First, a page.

SSH SOCKS Tunnel with an HTTP Proxy (Burp)

You have an Internet connection but there’s restrictions on what sites you can visit etc. To get around this you can use an SSH SOCKS tunnel.


SSH Server

First off make sure you have an Internet facing SSH server. You can grab a pretty cheap VPS for ~€10 a year –

SSH should be set up on the server. If not you’ll have to set it up.

Change the port its listening on to reduce the amount of bots scanning port 22. Edit the following file with your fav text editor (vim);


Change the port to something other than port 22.

port 22 -> port 40001

Restart the SSH server (Debian/Ubuntu)

service ssh restart


SSH Client config

For passwordless login, on your client generate an SSH key

ssh-keygen -t rsa

Upload it to your remote SSH server

ssh-copy-id user@x.x.x.x

Create a SOCKS proxy

ssh -p 40001 -D 9999 -CqN user@x.x.x.x

-p: Specify the port the SSH server is listening on (if not running on port 22)
-D: Sets up a SOCKS tunnel over SSH on a specified port number
-C: Compresses the data before sending it
-q: Set quiet mode
-N: No command to be sent over SSH – we just want a tunnel

You can put all this in your .bashrc to quickly run it from a terminal.

alias sshtunnel="ssh -p 40001 -D 9999 -CqN user@x.x.x.x"

Now simply type sshtunnel to run!

Note: ssh -D opens a local port without having a specific endpoint like with -L. Running ssh -L and in the browser if you hit localhost:9999 you’ll go to

With ssh -D 9999 you’re telling the browser to use localhost:9999 as a SOCKS proxy. Everything your browser requests goes through the ssh tunnel. It’s as if you were browsing the web from your ssh server instead of from your computer.


Browser Set up

Using Firefox with FoxyProxy (to quickly switch between proxies) set up the browser to route through the proxy.

Proxy Type: SOCKS5
IP: localhost
Port: 9999


Go to to verify your IP is that of your SSH server.


HTTP Proxy setup (Burp / ZAP)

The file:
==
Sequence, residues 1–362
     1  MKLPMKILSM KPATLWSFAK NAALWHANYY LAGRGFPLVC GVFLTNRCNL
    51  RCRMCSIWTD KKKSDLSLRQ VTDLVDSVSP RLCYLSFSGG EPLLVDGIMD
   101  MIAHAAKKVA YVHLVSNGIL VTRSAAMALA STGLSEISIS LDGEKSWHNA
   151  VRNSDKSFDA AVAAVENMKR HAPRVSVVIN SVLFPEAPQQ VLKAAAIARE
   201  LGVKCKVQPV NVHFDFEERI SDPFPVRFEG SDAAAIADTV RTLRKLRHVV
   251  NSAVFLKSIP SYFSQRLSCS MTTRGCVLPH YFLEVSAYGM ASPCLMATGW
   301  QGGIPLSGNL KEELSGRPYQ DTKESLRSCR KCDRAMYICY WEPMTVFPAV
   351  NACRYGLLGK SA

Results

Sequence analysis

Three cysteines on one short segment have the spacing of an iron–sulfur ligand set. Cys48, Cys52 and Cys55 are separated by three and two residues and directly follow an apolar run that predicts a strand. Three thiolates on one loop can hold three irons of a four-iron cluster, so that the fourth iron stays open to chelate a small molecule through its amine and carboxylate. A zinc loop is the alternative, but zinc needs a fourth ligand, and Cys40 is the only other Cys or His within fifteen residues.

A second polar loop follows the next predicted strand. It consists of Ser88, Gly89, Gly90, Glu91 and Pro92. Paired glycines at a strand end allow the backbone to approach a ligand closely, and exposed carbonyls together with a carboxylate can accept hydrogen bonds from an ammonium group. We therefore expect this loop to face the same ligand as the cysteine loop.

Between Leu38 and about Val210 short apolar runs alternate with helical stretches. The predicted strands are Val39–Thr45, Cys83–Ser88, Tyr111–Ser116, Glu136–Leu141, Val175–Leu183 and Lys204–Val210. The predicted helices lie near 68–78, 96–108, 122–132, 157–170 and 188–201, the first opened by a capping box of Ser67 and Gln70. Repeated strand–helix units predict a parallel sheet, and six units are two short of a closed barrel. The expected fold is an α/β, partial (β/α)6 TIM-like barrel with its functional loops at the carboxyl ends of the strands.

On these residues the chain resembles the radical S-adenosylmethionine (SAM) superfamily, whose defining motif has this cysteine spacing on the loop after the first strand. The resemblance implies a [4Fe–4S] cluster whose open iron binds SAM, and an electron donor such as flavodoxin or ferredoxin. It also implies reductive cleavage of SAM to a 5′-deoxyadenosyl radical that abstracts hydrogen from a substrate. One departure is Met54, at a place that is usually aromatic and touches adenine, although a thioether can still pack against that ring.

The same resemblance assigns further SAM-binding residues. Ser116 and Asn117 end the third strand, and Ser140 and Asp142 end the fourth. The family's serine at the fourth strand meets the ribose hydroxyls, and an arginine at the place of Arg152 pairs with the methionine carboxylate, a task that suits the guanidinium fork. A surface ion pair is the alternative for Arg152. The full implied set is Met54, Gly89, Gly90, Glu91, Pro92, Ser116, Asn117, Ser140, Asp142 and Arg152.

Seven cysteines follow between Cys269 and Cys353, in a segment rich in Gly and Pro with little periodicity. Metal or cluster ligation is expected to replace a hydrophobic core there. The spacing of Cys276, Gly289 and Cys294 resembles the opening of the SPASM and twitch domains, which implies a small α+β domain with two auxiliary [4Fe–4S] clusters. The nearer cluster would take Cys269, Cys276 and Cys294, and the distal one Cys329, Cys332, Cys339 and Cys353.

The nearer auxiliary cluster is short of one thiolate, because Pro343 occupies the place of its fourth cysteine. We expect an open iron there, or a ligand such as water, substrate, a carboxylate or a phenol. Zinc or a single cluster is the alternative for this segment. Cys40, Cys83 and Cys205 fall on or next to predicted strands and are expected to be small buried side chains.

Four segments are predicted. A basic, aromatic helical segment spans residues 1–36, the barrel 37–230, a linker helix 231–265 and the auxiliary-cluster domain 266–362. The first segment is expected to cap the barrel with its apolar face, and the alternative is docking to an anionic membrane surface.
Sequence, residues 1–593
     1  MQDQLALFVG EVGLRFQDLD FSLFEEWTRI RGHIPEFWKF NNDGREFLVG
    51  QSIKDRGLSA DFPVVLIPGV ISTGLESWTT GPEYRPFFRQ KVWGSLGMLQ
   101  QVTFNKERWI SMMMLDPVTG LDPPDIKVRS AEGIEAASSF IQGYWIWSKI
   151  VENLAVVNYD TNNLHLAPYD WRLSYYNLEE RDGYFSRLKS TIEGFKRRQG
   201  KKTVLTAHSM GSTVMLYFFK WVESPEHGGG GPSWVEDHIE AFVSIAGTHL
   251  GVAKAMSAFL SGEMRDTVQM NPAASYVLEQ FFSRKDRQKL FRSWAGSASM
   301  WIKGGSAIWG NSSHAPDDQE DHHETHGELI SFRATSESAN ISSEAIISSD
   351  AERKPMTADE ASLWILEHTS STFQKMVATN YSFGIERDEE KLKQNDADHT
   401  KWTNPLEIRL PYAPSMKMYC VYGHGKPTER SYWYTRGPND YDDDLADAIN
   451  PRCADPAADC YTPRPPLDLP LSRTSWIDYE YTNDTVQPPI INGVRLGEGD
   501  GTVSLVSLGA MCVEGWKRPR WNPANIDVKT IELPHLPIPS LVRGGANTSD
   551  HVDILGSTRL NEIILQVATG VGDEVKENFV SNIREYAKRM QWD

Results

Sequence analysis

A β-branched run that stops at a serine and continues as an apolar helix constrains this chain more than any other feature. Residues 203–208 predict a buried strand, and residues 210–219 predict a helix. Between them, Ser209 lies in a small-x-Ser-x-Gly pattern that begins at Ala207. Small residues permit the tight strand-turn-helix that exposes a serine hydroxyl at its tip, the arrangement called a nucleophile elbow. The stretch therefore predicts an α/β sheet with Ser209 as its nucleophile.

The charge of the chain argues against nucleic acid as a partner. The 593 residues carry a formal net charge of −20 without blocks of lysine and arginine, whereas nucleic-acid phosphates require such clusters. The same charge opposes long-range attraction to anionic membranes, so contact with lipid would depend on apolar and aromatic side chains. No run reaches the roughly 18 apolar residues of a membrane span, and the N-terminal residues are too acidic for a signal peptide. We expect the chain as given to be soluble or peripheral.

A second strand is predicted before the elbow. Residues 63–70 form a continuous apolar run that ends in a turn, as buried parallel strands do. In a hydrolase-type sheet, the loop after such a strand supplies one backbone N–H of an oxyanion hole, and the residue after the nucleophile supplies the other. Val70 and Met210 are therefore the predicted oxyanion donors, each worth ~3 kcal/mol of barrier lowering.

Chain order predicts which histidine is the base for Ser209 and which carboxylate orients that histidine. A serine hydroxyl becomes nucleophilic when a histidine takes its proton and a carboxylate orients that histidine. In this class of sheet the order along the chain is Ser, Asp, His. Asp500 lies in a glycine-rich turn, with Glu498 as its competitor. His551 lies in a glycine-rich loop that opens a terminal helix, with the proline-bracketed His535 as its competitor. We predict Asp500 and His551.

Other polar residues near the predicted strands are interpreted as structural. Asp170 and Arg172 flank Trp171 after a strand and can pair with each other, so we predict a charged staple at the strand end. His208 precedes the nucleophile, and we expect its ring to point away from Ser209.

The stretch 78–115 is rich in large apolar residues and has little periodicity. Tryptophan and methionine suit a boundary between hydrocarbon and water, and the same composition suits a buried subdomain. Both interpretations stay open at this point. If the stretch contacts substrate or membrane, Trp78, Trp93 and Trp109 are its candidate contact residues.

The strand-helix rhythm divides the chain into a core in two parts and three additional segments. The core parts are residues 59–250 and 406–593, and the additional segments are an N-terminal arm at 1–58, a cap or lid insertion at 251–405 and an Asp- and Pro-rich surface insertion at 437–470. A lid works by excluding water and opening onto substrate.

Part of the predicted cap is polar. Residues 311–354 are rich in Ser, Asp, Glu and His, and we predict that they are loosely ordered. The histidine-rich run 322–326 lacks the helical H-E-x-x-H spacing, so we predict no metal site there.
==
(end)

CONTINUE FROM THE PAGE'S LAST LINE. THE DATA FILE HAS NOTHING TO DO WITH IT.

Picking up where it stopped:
Now if you want to use an HTTP proxy with the browser instead of;

Browser -> SOCKS proxy (SSH tunnel) -> Internet

you’ll have to set up

Browser -> HTTP proxy (Burp) -> SOCKS proxy (SSH Tunnel) -> Internet

Firstly create a new FoxyProxy profile for HTTP

Proxy Type: HTTP
Title: Burp
IP: localhost
Port: 9999


Now configure Burp suite to go through the SSH SOCKS tunnel

User options -> SOCKS Proxy

Use SOCKS proxy: ✓
SOCKS proxy host: localhost
SOCKS proxy port: 9999



Again go to to verify your IP is that of your SSH server. Check the Proxy -> HTTP History tab to verify the traffic is running through Burp.




Setting a Proxy in Android


I use Charles proxy to debug my network traffic. This requires setting the device or emulator proxy to point to my local ip address where Charles is running. Charles can then intercept the device’s network traffic. This post outlines how to set the proxy for android devices and emulators.

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HTTP2 traffic in Wireshark

Since HTTP/2 is supported in Firefox 36 and there is a partially functional http2 dissector in Wireshark I thought I’d take a look at what HTTP/2 packets look like in Wireshark. I’m using Kali where I needed to grab the following;

  • Wireshark dev – 1.99.2
  • Firefox 36

Firefox 36 by default uses TLS 1.2 when communicating over HTTP/2 you can view HTTP/2 traffic in the ‘Network’ tab in Firefox’s developer tools (f12).


To see these packets in Wireshark you need to point Wireshark at the SSLKEYLOGFILE that is written by NSS. This enables you to see the http2 packets and decrypt any encrypted data over SSL, TLS etc. Here’s a quick set up to get that up and running;


  • wget -O /opt/
  • tar -jxf wireshark-1.99.2.tar.bz2

Install dependencies

  • apt-get install libpcap-dev

Configure and install

  • cd wireshark-1.99.2
  • ./configure --with-gtk2
  • make && make install

Edit /etc/

Add the line > include /usr/local/lib

Then run the command ldconfig

Run Wireshark > ./wireshark


  • wget firefox -O /opt
  • tar -jxf firefox-36.0.tar.bz2

Make a file on the file system and set an environment variable enabling NSS to write key logs so that Wireshark can decrypt any TLS traffic.

  • mkdir ~/tls && touch ~/tls/sslkeylog.log
  • export SSLKEYLOGFILE=~/tls/sslkeylog.log

Run Firefox (within the same terminal you set the environment variable or add the env. variable to your .bashrc) > ./firefox


Point Wireshark to the sslkeylog.log so that it can decrypt TLS traffic.

  • Edit -> Preferences -> Protocols -> SSL
  • (Pre)-Master-Secret log filename -> /root/tls/sslkeylog.log


Start a new live capture in Wireshark and in Firefox navigate to an HTTP/2 enabled website e.g. and view the HTTP/2 packets.